Archive for category Driver: San Francisco
If you head over to this Royal Purple promotional site, you can get a free voucher code for the Royal Purple 1959 Cadillac El Dorado pictured above. Personally, I think it’s a sweet color.
You must either sign in or register for an Ubisoft account. Not sure if this is open internationally, but the code I got worked for a US account. NA/US owners can quickly redeem their codes at Qriocity.
Due to a printing error on the insert of some copies of Driver: San Francisco in North America, Ubisoft has elected to provide the Driver Uplay Passport content for free,” Ubisoft said in a statement. “Although this problem does not affect players outside of North America, we have decided to mirror this offer worldwide in order to be fair to all our players.
You will still need to download an unlock key to access the online features, which can be done through the Uplay Passport Menu and selecting one of 2 choices, either (Start my 2-day free trial) or (Purchase Uplay passport). Either option will permanently unlock the game’s multiplayer features along with film director for consoles!
If there was ever only one game that got me really interested in racing and driving (and cars in general), it was Driver. As much as I liked other racing games as a kid before the release of the original (Gran Turismo, the original Need for Speed: Hot Pursuit, etc), Driver, despite its simplicity, was the most fun I had. In fact, I enjoyed it so much, I went and bought Driver 2 around the time that came out, and proceeded to get Driver 3 on its release. Parallel Lines I never bought, but I did play through it and thought it was pretty interesting (I’ve never tried ’76, though).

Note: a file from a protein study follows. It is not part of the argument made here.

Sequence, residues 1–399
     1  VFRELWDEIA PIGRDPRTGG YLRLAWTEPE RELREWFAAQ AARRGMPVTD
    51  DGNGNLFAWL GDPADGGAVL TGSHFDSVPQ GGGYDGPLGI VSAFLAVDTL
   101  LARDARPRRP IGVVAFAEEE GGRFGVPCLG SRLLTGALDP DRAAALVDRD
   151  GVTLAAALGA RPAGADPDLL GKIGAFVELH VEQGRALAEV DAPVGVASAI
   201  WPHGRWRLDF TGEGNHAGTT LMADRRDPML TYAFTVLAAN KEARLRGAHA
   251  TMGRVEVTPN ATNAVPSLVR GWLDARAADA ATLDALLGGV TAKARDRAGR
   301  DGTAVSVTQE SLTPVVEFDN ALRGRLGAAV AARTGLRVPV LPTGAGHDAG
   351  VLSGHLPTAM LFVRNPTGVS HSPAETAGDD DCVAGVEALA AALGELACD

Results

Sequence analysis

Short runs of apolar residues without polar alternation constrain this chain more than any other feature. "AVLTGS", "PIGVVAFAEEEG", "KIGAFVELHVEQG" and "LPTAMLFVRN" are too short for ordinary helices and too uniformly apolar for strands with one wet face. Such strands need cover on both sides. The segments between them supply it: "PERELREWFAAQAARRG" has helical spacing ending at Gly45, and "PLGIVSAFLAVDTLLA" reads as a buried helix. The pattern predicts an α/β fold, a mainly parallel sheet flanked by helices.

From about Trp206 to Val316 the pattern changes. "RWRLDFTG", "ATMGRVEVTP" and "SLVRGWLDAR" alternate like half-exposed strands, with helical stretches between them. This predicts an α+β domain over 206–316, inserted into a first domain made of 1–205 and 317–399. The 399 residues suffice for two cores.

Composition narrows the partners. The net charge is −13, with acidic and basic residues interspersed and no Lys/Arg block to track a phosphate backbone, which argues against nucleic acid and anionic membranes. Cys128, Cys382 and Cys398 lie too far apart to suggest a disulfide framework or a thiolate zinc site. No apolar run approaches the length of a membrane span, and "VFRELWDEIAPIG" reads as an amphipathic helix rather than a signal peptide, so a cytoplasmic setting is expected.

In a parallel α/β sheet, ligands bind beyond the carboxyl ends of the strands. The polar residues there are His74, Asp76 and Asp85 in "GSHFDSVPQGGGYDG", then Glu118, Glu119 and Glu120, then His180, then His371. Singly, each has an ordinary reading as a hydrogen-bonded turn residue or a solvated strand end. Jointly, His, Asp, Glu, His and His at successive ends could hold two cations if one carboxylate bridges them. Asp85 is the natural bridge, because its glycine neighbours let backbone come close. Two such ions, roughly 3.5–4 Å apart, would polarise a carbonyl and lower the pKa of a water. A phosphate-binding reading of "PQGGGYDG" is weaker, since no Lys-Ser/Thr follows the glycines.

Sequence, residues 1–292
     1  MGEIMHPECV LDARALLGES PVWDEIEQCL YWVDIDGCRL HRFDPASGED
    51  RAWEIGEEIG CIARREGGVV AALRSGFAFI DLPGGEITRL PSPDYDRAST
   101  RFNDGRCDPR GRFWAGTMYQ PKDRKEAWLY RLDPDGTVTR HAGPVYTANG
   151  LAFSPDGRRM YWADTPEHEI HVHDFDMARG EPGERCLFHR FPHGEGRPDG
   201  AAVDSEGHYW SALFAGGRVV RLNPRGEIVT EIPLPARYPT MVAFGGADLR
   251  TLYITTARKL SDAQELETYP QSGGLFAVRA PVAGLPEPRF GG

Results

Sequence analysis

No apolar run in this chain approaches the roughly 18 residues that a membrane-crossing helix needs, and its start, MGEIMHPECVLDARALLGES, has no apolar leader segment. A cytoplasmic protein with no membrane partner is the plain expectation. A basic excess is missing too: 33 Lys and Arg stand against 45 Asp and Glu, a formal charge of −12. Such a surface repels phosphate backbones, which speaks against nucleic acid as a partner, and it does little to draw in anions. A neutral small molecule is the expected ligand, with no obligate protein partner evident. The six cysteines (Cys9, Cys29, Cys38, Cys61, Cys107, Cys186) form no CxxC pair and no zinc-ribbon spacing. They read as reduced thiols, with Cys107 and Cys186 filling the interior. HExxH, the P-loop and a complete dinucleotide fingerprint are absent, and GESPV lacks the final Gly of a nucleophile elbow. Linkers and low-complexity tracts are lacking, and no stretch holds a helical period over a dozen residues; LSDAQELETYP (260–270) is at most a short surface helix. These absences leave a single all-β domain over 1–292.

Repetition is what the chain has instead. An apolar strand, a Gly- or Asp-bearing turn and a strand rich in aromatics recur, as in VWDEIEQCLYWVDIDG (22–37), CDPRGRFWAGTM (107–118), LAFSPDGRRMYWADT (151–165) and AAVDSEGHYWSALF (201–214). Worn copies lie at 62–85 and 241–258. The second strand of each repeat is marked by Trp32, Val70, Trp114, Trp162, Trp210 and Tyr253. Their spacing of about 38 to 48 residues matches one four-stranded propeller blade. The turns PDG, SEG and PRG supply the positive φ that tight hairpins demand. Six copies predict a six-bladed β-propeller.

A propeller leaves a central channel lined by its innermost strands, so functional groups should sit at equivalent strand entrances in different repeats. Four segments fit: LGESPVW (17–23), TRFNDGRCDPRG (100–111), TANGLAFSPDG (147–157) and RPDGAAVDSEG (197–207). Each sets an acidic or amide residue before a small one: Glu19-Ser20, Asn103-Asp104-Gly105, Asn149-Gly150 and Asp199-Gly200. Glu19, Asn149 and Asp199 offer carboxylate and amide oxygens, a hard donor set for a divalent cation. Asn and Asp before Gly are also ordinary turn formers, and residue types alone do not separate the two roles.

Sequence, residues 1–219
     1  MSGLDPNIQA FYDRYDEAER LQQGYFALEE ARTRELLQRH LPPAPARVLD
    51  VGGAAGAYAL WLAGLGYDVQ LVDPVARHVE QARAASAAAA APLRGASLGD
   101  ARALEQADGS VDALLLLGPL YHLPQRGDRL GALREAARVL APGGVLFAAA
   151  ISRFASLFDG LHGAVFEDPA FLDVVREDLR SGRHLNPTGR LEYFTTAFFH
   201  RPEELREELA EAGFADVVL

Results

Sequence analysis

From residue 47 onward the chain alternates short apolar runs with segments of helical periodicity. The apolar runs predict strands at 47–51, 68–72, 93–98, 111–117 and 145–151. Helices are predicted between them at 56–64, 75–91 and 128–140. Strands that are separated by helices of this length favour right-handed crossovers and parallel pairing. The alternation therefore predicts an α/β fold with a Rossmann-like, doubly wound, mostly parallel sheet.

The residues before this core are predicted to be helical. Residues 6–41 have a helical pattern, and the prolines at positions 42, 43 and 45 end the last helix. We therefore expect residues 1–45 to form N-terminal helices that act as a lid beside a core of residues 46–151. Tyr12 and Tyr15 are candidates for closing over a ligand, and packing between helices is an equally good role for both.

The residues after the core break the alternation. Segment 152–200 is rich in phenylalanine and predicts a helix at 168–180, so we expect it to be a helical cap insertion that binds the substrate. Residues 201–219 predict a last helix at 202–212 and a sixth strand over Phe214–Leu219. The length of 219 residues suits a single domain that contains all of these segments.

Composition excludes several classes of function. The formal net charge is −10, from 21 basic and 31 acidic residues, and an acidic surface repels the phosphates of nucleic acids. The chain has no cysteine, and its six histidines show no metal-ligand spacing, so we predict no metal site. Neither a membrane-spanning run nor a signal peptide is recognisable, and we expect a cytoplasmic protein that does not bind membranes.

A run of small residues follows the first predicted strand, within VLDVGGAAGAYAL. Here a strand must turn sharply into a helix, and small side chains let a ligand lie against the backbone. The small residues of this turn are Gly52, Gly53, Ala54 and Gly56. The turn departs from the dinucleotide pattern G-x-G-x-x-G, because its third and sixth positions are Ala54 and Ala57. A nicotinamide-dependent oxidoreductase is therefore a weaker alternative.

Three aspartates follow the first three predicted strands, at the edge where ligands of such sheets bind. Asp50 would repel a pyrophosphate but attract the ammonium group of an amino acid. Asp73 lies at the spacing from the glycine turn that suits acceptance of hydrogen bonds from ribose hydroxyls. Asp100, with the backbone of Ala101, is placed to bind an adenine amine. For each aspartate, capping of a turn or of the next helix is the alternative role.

In my opinion, Driver 3 was straying away too far from what made the series great. Driver was never really about on foot action (even in Driver 2, all you could do was just get out and commandeer another car), and the additions of weapons in 3 cheapened the experience for me (though blowing stuff up with the grenade launcher was always fun). The only thing I spent the most time on was the Film Director mode, and being able to upload your videos so other players can download and watch them (the driving mechanics were still great at least).
But enough reminiscing. After a hiatus, Ubisoft and Reflections has come to rejuvenate the franchise. Driver: San Francisco has just released, and if there was ever one city that defined an awesome driving setting, it would be San Francisco (except, oddly enough, there are no trollies, even though the tracks are there). That, and the game took the focus back to in-car action. The only questionable thing long time fans of the franchise have been concerned about was the Shift feature, which is a very integral part of the game (and will be discussed). How does the game stack up?
If you’ve had an interest in this game, or wanted an understanding of what to expect from the title, you’ll want to keep reading. Keep in mind, there might be a few contextual spoilers, but I’ll try to hide them as best I can.
It’s only been 12 years (it seems longer than that) since Driver first made its debut on our CRT television sets, and the first mission you had to do was the Garage/Interview Mission, where you had a lit of specific driving maneuvers to cross off within a minute (30 seconds is possible if you’re good). It was a very tough mission to complete, too. Especially in the allotted time. You might even remember the live action version of it on the debut trailer for Driver: San Francisco.
Well, that same mission is set to return in Driver: San Francisco, but, according to Ubisoft’s facebook page, it’s a locked mission. For those of you who have mastered the list in the original, do you think you can still pull it off?